I’ve found that networking groups are my best source of clients, as now are referrals from my clients – even better!. Building a relationship with my clients, learning about them and their businesses so I can offer pro-active assistance in areas they might never have considered, and adding new skills to handle pressing needs of my clients, gives me an ‘edge’ in this ever-changing market.

I’m celebrating my 6th year of business and feel very blessed to have found this fledgling industry when I did – it’s taken time to build and I’m never complacent. I focus on Email Marketing, eCommerce support, Bookkeeping & Payroll, as well as more general administrative assistance. The rewards of learning to operate my own business, work with a wide variety of clients from across the US and in Europe, and having the flexibility to be creative and supportive far outweigh the struggle to ‘make ends meet’ in the early years.

Entrepreneurs and small business owners benefit greatly from virtual assistance – keeping their costs down, while getting much needed work accomplished professionally and on time!

Jeanne Goldberg

August 3rd, 2009
11:11 am

I have been reading about virtual assistants and was wondering if I could connect with a VA who is competent with the computer who knows how to market online. I recently joined a wellness company that has exceptional–actually one of a kind–skin care products and top-of-the-line nutrients. They are marketing in 50 countries around the world and I need help to do internet marketing.

I have been reading about social media and know WHAT to do, but have not started yet. Since my new company is world-wide, it certainly would make sense for me to be using the social media to communicate with people.

Although I assume that most virtual assistants see that entering the field is a way to have a j-o-b, I can visualize that a good VA can actually do many jobs with OTHER people but they can join ME as a representative of my company and produce a residual income from their marketing effort.

I working closely with my niece who is an anti-aging doctor. I am a health education professional,
I taught in public and private school as well as worked in a medical setting in pain management.
I have a degree in Health and Physical Education from West Chester University and a degree in Horticulture from Temple University.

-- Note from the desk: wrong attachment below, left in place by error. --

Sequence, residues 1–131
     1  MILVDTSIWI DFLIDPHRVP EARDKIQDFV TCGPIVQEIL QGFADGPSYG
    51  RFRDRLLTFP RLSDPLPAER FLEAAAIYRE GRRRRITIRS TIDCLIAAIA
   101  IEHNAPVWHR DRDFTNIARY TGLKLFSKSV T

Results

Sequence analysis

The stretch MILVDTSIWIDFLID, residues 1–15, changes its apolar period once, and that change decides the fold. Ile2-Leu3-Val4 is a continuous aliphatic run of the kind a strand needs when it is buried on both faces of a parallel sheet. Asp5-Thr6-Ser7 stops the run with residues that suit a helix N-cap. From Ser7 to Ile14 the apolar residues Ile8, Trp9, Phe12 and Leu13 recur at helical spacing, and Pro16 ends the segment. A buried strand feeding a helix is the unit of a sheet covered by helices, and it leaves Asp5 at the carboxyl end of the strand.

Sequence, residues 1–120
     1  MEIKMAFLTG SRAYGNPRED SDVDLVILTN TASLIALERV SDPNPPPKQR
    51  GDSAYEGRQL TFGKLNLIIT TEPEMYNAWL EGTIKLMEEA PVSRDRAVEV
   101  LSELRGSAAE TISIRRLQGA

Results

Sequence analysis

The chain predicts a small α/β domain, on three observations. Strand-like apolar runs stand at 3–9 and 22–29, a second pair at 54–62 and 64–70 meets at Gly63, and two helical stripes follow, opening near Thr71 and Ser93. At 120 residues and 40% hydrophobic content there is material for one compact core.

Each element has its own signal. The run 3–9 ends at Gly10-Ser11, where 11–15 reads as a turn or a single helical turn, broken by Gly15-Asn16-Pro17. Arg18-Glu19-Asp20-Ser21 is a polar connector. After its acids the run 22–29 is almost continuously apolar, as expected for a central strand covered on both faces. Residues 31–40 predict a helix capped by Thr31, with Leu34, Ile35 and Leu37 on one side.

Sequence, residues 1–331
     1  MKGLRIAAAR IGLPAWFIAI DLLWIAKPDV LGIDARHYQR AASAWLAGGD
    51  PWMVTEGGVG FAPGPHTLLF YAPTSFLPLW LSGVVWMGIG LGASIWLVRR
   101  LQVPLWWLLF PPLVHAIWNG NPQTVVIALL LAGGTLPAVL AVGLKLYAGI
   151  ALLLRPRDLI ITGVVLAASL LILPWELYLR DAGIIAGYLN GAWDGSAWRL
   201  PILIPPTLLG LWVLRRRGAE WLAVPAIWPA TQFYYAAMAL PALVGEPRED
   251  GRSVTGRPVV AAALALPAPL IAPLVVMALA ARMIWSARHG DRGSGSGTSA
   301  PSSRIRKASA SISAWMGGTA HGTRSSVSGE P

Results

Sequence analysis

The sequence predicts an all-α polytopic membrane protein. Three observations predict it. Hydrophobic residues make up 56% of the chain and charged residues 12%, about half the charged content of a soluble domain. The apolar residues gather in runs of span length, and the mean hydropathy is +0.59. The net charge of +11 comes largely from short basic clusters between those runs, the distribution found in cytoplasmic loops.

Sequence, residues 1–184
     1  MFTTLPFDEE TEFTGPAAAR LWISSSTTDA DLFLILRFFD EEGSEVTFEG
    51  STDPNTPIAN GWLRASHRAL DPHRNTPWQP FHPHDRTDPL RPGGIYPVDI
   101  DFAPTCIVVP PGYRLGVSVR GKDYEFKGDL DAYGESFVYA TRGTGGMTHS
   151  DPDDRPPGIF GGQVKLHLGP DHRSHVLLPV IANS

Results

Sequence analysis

As I was reading about the growing field of virtual assistance and realized that many new companies were starting up, I thought it might be a sensible income-producing plan for the owners of new–and established–companies to consider emphasizing marketing themselves. Along with their usual VA work, they could start a marketing division, join a company such as mine and have a group of employees hired for the different avenues of marketing. Those employees could could be rep-marketers or they could function strictly as employee/marketers who would search out representatives for the owners of the VA company.

Speaking of leverage, the most productive way to build a business…having employee/reps that work hard for the owner and themselves…is a total WIN/WIN relationship benefits everyone involved.

To recap: I am looking for 1) a marketing savvy VA for myself and I am searching out 2) VA people orcompanies who want to explore the idea of adding a marketing division to do network marketing.
The potential income is quite large for people who learn to market professionally. We teach that to people who do not have the know-how.

Because the company I am working with is a huge company with great financial resources, they have web sites in different languages and excellent marketing material. They also provide training by conference call and at their home base. The training is FREE and is given by the successful leaders of the company. Of course my doctor niece and I do training ourselves. We also train right here in our area, Philadelphia and surrounding communities.

If any of you current VA’s, or potential VA’s or owners of a VA company want to explore the
VA/Marketing idea I mentioned, I would be delighted to hear from you.

In any case, I wish all of you success in your choses field. Success is something we all have to go
after. It is not particularly easy to achieve but with persistence we can make it happen. If we fall down, we have to get up–wipe ourselves off–and start again. Cheers, Jeanne

Owen

August 3rd, 2009
11:12 am

Please contact me about a virtual assistant position!

Betsy Robinson

August 3rd, 2009
11:12 am

Great article. I work remotely from my office for a few medical providers. They love it because they do not have to pay a full time staff and office supplies. I started my company PRN Medical Billing Inc. 2 years ago. With todays economy, I am glad I can help medical providers with small practices reduce cost.